Interestingly, a big hole has been blown in the argument about the government not being able to take back franchises permanently, an idea that hopefully Labour will adopt when it finally comes out with a new policy on franchising. At the time of the takeover of the franchise by DOR, Labour ministers were implying that it would have to be temporary because of EU rules. Then last year when the West Coast bidding process collapsed and Virgin was going to retain the franchise temporarily, at first ministers said here would  have to be a temporary franchise of a year, followed by an interim franchise while the long term contract was prepared for the permanent one which would have been let, probably , after the general election.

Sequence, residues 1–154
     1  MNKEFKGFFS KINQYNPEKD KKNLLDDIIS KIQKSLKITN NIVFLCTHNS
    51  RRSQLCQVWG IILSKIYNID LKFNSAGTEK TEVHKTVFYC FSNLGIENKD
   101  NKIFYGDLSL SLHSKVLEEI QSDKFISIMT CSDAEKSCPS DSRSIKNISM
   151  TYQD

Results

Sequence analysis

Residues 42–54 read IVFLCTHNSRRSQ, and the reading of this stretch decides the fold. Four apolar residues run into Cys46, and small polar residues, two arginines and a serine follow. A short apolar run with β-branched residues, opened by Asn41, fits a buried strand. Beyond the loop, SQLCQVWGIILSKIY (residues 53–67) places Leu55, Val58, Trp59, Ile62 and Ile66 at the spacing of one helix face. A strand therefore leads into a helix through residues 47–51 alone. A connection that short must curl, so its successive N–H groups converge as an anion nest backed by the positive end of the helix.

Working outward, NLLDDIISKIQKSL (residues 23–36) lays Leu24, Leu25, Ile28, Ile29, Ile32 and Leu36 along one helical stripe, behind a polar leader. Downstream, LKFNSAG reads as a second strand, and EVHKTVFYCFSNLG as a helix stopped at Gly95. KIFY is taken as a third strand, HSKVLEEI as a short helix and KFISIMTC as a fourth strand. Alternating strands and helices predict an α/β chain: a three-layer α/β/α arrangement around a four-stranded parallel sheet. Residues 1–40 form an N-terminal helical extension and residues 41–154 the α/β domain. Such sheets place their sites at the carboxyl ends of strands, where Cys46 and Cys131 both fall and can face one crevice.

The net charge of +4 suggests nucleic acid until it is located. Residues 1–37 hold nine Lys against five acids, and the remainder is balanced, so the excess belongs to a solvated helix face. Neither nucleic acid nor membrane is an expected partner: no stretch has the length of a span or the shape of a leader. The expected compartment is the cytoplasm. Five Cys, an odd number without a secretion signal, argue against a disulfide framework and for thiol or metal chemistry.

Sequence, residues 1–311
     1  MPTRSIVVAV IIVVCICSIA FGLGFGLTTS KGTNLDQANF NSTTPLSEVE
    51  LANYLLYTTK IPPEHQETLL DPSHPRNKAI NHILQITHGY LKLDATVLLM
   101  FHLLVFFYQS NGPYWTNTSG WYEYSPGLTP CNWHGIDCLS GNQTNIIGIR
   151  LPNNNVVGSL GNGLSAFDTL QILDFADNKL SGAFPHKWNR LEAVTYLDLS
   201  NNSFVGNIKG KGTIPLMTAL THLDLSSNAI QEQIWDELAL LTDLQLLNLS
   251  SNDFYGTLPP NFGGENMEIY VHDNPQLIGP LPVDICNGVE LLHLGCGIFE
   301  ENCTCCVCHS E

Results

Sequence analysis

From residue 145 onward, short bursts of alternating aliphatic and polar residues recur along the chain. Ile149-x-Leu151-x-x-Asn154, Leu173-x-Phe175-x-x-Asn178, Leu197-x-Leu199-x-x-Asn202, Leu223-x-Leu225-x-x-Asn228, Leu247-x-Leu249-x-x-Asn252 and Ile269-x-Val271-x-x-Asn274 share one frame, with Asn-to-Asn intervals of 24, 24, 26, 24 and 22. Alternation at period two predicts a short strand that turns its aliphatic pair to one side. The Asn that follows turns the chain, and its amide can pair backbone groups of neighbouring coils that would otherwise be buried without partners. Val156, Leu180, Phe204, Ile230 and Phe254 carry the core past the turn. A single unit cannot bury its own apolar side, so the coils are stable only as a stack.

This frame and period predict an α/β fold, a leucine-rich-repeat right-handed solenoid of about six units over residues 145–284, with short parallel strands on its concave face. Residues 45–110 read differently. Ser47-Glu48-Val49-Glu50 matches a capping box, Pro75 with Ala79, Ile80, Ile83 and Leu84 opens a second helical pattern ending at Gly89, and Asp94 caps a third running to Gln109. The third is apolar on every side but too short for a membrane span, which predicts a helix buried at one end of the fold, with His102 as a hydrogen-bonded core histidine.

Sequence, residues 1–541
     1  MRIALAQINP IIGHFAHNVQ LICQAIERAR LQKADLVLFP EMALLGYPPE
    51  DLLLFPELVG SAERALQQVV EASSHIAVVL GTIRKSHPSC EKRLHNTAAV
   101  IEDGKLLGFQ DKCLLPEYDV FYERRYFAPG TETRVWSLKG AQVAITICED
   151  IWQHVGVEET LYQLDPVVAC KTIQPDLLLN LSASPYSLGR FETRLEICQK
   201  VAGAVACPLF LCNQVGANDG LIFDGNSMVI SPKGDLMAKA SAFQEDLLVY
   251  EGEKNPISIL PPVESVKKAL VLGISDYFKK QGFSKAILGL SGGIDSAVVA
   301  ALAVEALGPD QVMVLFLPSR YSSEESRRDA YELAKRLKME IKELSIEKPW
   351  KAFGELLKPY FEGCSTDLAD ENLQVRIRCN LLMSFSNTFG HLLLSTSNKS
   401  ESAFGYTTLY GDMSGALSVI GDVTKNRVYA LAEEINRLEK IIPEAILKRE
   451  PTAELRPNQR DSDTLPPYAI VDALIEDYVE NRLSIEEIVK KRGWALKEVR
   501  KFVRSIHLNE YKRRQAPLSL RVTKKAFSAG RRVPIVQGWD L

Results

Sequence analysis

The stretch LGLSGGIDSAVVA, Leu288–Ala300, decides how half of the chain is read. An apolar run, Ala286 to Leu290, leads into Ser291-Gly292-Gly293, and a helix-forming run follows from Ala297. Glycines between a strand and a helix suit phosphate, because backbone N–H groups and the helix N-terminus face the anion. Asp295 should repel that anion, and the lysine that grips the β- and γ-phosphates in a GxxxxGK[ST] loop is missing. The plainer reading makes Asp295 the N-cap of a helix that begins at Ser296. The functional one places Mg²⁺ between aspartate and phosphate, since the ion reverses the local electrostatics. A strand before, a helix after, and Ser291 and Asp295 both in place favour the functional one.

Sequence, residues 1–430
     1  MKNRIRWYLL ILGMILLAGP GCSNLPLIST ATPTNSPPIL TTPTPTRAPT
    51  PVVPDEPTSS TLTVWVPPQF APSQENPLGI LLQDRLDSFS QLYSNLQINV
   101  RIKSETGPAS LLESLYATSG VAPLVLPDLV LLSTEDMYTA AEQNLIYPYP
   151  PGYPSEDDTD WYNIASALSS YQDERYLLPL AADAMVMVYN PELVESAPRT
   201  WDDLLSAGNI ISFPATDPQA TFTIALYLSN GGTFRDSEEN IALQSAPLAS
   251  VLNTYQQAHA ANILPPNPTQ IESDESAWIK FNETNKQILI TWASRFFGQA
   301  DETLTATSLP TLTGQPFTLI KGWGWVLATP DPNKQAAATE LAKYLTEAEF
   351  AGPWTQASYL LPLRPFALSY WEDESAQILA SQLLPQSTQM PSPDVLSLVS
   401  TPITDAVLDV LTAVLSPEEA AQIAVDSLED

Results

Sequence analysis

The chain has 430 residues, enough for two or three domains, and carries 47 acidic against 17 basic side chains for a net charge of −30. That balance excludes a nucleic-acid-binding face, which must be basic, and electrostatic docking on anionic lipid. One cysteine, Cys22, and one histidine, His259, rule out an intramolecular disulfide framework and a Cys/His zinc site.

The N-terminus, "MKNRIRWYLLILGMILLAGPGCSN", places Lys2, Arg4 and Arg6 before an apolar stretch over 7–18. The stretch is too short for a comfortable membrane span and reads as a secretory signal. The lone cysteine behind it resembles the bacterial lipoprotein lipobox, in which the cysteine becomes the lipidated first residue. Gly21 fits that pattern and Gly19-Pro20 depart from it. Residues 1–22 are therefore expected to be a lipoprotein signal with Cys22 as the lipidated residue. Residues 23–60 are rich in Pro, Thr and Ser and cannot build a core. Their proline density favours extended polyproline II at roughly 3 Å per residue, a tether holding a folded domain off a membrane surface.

Lo and behold, that crazy idea soon got forgotten and there proved to be no need for an interim franchise. Instead, Virgin were given an extension on West Coast until November 2014, but then in the announcement on the franchising timetable in late March, Virgin were given a further extension to April 2017. Therefore, rather than ending last December as it was supposed to, Virgin, without any competition, will have received an four and a half years – almost a third extra on their original deal signed back in 1997. No mention, here, of EU rules, tendering, competition, or accountability.

Indeed, the announcement on the new timetable represents the most abject acceptance of the utter  failure of the whole franchising concept since the system started in 1996.  In fact, it seems to show that the rules are pretty much ‘make them up as you go along’. Let’s hope Maria Eagle, the opposition transport spokeswoman, is watching. There’s a lot Labour can learn from this callous disregard for the normal rules. They should be thinking: if they can do it, why can’t we?